New Developments in Secure Communities and the Next Generation Identification Initiative
Advocates Confront FBI about its Role in Massive Deportation Program
In June, advocates traveled to Buffalo, New York to confront the FBI about its role in the Secure Communities deportation Program. Representatives from the National Day Laborer Organizing Network, the Criminal Defense Immigration Project of the New York State Defenders Association, and the Cardozo Immigration Justice Clinic, and NYU doctoral candidate Travis Hall attended the semi-annual meeting of the FBI’s Criminal Justice Information Services Advisory Policy Board (APB) and presented to the group about the negative impacts of S-Comm on public safety, community policing, and privacy. They also obtained updates on developments in Secure Communities and the Next Generation Identification initiative, of which S-Comm is one part.
Today, advocates released a factsheet highlighting key new developments. and the meeting materials are available as PDFs in three parts: Part 1, Part 2, Part 3.
An analysis from the Electronic Frontier Foundation of the privacy concerns raised by these new developments will be available shortly as well.
The APB advises the FBI on how to manage the FBI’s civil and criminal databases. It was the APB that first decided to make Secure Communities a mandatory program. But the APB made this decision without considering any of the public safety and privacy issues that have made S-Comm so controversial. At the June meeting, advocates forced those issues onto the agenda.
The next APB meeting is scheduled for December, in a location to be determined. For more information, or to get involved, contact jkarp at ndlon.org.
January 9, 2012—Today, NDLON, CCR and Cardozo Immigrant Justice Clinic released a 9-page legal memo from the Immigration Customs Enforcement (ICE) agency dated October 2, 2010, just days before Department of Homeland Security Secretary Janet Napolitano announced Secure Communities would no longer be considered a voluntary program. The memo reversed the position of ICE, stated in an earlier memo, that making Secure Communities mandatory would raise constitutional concerns.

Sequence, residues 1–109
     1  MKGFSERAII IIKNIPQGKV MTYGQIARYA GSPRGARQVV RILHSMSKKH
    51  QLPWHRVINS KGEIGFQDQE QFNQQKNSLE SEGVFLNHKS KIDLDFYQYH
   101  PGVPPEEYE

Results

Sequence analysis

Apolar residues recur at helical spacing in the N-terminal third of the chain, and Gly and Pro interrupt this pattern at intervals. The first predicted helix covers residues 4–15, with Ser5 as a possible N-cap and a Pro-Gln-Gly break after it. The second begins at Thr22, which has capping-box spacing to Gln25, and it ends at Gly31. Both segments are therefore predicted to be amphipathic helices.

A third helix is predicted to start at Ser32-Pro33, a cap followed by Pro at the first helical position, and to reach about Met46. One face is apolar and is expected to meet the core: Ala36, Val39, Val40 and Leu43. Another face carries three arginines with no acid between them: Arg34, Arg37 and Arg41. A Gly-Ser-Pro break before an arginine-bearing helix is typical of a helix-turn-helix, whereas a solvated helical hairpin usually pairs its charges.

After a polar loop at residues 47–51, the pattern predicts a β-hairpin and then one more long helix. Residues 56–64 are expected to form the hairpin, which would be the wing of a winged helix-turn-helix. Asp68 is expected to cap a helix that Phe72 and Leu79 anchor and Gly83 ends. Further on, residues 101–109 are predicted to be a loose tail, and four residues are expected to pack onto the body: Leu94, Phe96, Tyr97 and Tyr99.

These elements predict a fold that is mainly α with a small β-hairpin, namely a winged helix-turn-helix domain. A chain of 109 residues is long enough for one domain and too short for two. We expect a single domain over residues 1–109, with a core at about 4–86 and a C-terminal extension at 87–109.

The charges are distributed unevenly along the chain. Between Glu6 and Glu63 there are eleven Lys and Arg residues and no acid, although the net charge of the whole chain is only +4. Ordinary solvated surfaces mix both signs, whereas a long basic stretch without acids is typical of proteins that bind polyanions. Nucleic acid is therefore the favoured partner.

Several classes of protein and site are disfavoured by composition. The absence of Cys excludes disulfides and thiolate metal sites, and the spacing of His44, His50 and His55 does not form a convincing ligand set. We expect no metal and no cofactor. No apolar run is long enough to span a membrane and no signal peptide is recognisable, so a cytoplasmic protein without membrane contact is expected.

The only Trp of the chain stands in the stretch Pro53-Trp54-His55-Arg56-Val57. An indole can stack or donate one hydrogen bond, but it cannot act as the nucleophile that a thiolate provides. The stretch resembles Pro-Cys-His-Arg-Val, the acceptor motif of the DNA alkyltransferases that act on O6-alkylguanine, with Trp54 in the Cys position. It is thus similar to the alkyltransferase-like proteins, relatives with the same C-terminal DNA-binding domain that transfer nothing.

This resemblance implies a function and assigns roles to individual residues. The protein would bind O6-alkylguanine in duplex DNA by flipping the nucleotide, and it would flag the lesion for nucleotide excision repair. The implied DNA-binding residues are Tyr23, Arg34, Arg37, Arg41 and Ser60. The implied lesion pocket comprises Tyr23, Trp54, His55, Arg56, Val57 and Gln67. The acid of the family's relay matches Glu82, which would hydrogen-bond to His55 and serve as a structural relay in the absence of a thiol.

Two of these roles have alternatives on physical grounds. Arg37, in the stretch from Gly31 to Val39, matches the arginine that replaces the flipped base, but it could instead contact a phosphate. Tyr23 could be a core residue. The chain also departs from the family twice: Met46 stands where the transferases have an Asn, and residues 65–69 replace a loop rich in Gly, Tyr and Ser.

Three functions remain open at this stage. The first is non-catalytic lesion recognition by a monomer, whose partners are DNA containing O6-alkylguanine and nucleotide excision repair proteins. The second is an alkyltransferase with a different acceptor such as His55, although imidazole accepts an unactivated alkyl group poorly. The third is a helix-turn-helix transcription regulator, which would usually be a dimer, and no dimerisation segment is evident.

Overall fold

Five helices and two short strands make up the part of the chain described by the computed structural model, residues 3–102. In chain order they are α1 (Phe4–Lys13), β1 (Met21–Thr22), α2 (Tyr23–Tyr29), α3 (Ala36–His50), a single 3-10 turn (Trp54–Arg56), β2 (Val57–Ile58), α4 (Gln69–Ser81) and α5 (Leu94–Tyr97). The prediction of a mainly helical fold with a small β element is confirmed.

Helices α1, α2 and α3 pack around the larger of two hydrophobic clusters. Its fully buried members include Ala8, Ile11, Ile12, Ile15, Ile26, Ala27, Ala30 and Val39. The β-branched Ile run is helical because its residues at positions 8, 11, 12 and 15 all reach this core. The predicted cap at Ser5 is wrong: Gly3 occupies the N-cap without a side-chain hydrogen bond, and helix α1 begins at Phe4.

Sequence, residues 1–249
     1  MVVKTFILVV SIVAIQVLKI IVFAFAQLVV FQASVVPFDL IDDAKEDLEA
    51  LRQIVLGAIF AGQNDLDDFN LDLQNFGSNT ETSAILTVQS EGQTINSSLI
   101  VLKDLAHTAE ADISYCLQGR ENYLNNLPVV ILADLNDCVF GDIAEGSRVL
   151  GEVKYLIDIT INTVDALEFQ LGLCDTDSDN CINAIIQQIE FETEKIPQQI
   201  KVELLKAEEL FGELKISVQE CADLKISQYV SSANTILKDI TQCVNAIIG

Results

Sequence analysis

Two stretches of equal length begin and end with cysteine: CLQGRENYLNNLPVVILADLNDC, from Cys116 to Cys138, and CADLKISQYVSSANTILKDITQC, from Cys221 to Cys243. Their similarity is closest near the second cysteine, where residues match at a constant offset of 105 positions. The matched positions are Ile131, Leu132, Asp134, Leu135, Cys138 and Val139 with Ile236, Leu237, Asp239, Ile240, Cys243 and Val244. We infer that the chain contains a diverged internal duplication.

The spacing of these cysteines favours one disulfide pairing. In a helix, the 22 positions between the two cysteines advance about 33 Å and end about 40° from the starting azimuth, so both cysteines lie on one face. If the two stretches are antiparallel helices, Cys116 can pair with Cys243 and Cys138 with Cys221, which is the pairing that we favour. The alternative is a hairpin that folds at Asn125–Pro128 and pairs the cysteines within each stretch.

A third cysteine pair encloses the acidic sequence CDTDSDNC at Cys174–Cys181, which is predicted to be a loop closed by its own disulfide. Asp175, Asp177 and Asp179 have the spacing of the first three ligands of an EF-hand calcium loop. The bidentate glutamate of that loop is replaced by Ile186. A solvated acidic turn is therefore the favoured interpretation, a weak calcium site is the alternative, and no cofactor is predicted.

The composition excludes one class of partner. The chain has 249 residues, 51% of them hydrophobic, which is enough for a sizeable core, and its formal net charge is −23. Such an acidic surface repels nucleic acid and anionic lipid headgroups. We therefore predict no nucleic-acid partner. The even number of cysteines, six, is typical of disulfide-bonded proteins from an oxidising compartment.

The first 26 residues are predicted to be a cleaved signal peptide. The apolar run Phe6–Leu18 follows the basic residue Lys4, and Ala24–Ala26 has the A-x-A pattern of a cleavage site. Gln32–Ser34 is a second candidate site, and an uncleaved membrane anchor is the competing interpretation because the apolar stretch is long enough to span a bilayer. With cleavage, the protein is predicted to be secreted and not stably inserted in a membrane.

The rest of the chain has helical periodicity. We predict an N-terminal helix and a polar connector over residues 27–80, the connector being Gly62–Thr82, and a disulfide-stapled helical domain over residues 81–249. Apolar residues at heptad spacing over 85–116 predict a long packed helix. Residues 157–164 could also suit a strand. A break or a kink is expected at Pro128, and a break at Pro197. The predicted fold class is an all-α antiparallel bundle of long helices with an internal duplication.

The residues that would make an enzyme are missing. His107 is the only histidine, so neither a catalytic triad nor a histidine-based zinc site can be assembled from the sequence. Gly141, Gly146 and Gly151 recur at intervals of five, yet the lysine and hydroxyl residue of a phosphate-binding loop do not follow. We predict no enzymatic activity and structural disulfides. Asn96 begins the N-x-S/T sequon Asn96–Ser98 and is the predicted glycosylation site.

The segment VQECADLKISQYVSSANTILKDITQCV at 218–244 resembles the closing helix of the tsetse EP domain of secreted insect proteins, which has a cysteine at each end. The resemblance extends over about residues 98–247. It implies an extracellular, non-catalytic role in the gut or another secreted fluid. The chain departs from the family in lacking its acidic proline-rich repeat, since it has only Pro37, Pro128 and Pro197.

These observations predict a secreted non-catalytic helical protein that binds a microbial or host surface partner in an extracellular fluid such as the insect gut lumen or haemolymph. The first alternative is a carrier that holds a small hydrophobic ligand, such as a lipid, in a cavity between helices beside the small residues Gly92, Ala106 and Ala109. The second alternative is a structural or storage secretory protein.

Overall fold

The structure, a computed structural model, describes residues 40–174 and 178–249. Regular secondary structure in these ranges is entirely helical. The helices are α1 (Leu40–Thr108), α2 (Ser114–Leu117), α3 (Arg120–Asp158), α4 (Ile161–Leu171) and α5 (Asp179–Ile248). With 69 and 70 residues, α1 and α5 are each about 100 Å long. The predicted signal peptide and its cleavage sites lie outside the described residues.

Click here to read a summary and explanation of the memo.
Click here to read the ICE “Voluntary Memo.”
Click here to read the newly released “Mandatory Memo.”
On August 17, 2011, plaintiffs in the suit NDLON v. ICE sent the following letter to OIG office of the DOJ.
“Dear Acting Inspector General Schnedar:
We write on behalf of the National DAy Laborer Organizing Network (NDLON), the Center for Constitutional Rights (CCR) and the Benjamin N. Cardozo Law SChool Immigration Justice Clinic (the Clinic) to request that your office conduct an investigation into the role of the Federal Bureau of Investigation (FBI) in the Department of Homeland Security (DHS) Immigration and Customs Enforcement (ICE) Secure Communities program. As described below, such an investigation is urgently needed to provide transparency and oversight of the FBI’s role in this controversial program. A DOJ OIG investigation would complement the audit currently being conducted by the DHS Office of Inspector General.”
Read the full letter (PDF) by clicking here.
NDLON and a National Community Advisory Commission published “RESTORING COMMUNITY: A National Community Advisory Report on ICE’s Failed “Secure Communities” Program,” an authoritative report on the failed Secure Communities program. Download available here or it can be read online below.
CLICK HERE TO VIEW THE REPORT: http://altopolimigra.com/s-comm-shadow-report/
CLICK HERE TO DOWNLOAD THE REPORT (PDF)
Full Letter from NDLON, Cardozo Immigration Justice Law Clinic and CCR to the Office of the Inspector General of the Dept. of Homeland Security (PDF)
Dear Inspector General Edwards and Assistant Inspector General Richards:
…Enclosed are three disks containing documents we received through FOIA litigation, which we share as a resource for your investigation. This letter provides a guide to key documents…We have organized the letter and key documents according to topics we believe are essetnial to any thorough review of Secure Communities: (A) racial profiling, (B) the opt-out controversy and the legal authority to compel local participation, (C) the expansion of Secure Communities beyond its stated target of serious criminals, (D) privacy concerns and the role of the FBI, (E) impact on vulnerable populations, (F) costs at the state and local level, (G) the role of sub-contractors, and (H) the significance of modifications announced by ICE on June 17, 2011…”